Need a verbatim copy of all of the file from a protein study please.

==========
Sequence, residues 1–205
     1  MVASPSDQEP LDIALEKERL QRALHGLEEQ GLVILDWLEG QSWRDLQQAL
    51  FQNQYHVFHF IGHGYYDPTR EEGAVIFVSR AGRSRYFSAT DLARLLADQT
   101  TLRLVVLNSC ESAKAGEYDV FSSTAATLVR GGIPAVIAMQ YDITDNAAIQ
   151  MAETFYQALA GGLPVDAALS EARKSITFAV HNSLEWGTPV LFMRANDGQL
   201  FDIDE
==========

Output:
Sequence, residues 1–205
     1  MVASPSDQEP LDIALEKERL QRALHGLEEQ GLVILDWLEG QSWRDLQQAL
    51  FQNQYHVFHF IGHGYYDPTR EEGAVIFVSR AGRSRYFSAT DLARLLADQT
   101  TLRLVVLNSC ESAKAGEYDV FSSTAATLVR GGIPAVIAMQ YDITDNAAIQ
   151  MAETFYQALA GGLPVDAALS EARKSITFAV HNSLEWGTPV LFMRANDGQL
   201  FDIDE